Provenance discrimination among foreshore, backshore, and dune environments in the black sand beaches along the Samandağ/Hatay coasts, SE Turkey (E Mediterranean)

  • Mustafa Ergin
  • Zehra S. Karakaş
  • Erdoğan Tekin
  • Basak Eser
  • Koray Sözeri
  • İbrahim Çopuroğlu
  • Şükrü Koç
  • Barbaros Şimşek
Original Paper


The occurrence of beach placers, the chromite-rich black sand, and the factors controlling their distribution along the Samandağ coasts, SE Turkey, was investigated. One hundred fifty-two surficial (upper 2 to 5 cm) samples of beach sediments from foreshore, backshore, and dune subenvironments; 24 river sediments; 25 samples from ophiolitic source rocks; and ore samples from 4 chromitite mines were collected between the years 2012 and 2015. In addition to hydrogeographic and geomorphological field observations, grain size analysis and total heavy mineral separation and conventional petrographic microscopy studies were carried out. Bimodal, well to moderately well sorted, fine to medium sands were predominant, and on the basis of grain size distribution, at least six sectors could be distinguished by their alongshore fining or coarsening tendencies. Obviously, spatial variations in drainage pattern of fluvial input, wave and current motions, and beach morphology played a crucial role in changing sediment texture. The total heavy mineral (THM) concentrations ranged from 1 to 92 wt% (avg. 40 wt%) in beach sediments and from 3 to 50 wt% in fluvial sediments whereby the bed load of the major and perennial Asi River contained lower THM (9–25 wt%) than its ephemeral tributaries (14–50 wt%) which are in much closer proximity to the source areas. Overall, the THM concentrations in foreshore, backshore, and dune subenvironments tend to decrease in southward direction, except for THM enrichment close to the Asi River mouth. This would reflect rather higher inputs from northerly ephemeral rivers draining the ophiolitic rocks with additionally net longshore sediment transport towards south. The coastal physical processes favoring heavy mineral enrichment such as spatial and temporal variations in swashzone wave dynamics with uprush, backwash, and infiltration effects on the beaches were also observed in the field. The opaque heavy mineral fractions are mostly found in grain size less than 0.25 mm and composed of chromite, magnetite, and ilmenite species with intergrowth textures. Non-opaque heavy mineral fractions were dominated by various species of pyroxenes and amphiboles with lesser amounts of serpentinized olivine. Formation of chromite-rich black sand placers along the Samandağ beaches (SE Turkey) and also in river/stream beds resulted from the weathering of mafic-ultramafic rock complexes (“Hatay or Kızıldağ Ophiolites”) and chromite-rich ores of the Amanos Mountains to define the provenance of placers and no considerable input was detected from the Asi River downstream from the Bassaer ophiolites of Syria.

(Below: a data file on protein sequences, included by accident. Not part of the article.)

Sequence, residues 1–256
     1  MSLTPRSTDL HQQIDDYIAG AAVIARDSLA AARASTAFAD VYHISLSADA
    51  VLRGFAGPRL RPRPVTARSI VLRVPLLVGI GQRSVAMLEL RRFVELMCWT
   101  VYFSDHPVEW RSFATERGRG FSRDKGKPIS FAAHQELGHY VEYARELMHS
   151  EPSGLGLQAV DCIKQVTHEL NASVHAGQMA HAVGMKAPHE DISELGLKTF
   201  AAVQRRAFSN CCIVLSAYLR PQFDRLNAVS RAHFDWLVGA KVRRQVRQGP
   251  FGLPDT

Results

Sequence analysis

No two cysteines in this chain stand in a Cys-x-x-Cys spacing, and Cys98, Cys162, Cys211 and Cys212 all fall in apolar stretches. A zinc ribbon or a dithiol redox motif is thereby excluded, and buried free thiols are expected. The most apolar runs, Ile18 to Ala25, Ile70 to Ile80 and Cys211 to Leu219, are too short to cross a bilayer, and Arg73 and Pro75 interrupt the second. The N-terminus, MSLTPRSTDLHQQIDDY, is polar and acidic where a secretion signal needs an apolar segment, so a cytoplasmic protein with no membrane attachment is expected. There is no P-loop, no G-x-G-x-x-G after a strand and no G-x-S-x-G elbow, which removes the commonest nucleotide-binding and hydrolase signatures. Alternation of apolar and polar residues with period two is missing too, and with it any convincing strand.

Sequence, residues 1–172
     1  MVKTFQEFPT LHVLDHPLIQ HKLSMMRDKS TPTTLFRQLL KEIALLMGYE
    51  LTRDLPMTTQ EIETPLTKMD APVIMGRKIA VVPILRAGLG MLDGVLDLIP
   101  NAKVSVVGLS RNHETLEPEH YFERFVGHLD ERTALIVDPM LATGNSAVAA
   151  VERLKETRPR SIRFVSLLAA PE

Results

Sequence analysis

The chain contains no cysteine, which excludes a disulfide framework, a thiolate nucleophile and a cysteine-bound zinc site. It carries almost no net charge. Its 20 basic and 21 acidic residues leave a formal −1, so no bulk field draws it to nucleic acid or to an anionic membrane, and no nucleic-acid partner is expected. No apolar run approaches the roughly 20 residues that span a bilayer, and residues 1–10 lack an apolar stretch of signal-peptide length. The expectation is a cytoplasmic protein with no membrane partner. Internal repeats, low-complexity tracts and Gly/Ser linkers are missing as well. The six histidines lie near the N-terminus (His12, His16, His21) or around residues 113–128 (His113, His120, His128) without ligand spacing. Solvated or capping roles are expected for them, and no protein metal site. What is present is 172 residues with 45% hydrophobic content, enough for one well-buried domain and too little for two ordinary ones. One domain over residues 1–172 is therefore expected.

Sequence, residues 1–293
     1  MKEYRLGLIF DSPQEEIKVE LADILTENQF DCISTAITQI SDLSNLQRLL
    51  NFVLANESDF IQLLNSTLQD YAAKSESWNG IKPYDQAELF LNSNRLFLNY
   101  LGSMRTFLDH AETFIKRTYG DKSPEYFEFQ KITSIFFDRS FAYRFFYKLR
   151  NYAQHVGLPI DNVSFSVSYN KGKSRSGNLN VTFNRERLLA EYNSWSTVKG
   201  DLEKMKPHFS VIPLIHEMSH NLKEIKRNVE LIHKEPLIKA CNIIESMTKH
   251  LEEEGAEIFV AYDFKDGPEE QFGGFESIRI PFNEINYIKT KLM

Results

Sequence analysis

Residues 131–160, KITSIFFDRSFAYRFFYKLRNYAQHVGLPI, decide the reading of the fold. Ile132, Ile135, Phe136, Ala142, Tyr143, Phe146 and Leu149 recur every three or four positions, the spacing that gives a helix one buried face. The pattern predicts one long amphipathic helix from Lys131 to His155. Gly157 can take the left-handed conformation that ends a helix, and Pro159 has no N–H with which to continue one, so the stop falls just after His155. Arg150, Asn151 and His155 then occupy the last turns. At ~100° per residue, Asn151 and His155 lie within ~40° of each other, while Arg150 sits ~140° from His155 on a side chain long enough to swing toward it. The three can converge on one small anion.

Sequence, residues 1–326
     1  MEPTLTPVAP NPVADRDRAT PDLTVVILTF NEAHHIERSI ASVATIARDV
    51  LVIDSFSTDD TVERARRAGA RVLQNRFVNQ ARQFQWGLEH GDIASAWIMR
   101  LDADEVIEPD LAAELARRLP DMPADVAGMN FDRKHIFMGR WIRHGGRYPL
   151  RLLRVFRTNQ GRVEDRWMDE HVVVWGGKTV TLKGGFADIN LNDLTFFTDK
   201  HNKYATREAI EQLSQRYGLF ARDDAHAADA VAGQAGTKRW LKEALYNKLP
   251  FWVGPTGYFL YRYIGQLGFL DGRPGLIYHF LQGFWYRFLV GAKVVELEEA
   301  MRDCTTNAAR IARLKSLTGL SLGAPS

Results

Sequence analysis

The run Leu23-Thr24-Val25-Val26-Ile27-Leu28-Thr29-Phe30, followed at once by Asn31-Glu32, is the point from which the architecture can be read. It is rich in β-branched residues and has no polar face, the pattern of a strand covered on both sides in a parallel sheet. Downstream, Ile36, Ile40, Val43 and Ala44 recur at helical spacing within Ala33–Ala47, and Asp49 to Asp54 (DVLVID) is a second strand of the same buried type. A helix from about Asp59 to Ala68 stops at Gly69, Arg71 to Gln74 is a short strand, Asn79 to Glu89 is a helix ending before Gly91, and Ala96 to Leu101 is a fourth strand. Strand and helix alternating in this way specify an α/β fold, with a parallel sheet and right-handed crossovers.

Chromite placers Grain size Marine beaches Hatay Turkey 



We are grateful to Laura Stutenbecker, and one anonymous rewiever of the Arabian Journal of Geosciences for their helpful comments and suggestions which improved the manuscript. We also thank John S. Armstrong-Altrin for his editorial handling of the paper. Ş. Keskin helped with the GRADISTAT computer program. Part of XRF analysis of element concentrations was carried out in the Ankara University YEBİM and Canada ACME Laboratories. SEM-EDAX Analysis was performed in the MTA Laboratory. Selected samples were analyzed in the TPAO Laboratory for XRD mineral identification. C.Ö. Kılıç, M.Yıldırım and Ş. Özdilek helped with thin and polished sections preperation and rock identification. Chromitite samples were collected in the Seldiren and Yaylacık Mines of Merkür Mining and Merpa Metal Companies in Hatay.

Funding information

This research was funded by the Turkish Scientific and Technical Research Council (TÜBİTAK-YDABÇAG—Project No. 112Y146).


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Copyright information

© Saudi Society for Geosciences 2018

Authors and Affiliations

  • Mustafa Ergin
    • 1
  • Zehra S. Karakaş
    • 1
  • Erdoğan Tekin
    • 1
  • Basak Eser
    • 1
  • Koray Sözeri
    • 1
  • İbrahim Çopuroğlu
    • 2
  • Şükrü Koç
    • 1
  • Barbaros Şimşek
    • 3
  1. 1.Faculty of Engineering, Department of Geological EngineeringAnkara UniversityGölbaşıTurkey
  2. 2.Faculty of Engineering, Department of Geological EngineeringNiğde UniversityNiğdeTurkey
  3. 3.General Directorate of Mineral Research and Exploration of Turkey (MTA)ÇankayaTurkey

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